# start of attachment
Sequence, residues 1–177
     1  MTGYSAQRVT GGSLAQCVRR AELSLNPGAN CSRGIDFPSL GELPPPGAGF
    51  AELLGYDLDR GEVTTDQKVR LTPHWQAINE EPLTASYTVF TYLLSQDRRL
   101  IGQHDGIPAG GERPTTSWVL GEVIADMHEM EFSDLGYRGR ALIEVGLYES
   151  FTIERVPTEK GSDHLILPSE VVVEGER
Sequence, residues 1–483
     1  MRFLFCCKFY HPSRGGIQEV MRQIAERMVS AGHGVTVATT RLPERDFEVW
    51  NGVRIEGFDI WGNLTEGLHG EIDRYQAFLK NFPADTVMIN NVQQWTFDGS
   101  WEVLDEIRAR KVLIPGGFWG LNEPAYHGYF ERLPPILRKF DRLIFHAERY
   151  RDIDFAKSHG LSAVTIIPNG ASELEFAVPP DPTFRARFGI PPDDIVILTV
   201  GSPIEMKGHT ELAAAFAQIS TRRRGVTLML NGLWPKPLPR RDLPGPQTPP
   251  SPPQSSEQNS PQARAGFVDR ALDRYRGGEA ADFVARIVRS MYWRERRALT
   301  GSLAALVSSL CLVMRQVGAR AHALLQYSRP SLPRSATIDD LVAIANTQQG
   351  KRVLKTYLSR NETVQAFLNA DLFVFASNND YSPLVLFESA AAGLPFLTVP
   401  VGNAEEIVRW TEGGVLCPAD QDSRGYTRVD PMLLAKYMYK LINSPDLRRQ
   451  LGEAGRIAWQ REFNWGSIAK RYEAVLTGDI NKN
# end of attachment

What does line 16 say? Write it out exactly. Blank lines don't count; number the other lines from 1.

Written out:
   451  LGEAGRIAWQ REFNWGSIAK RYEAVLTGDI NKN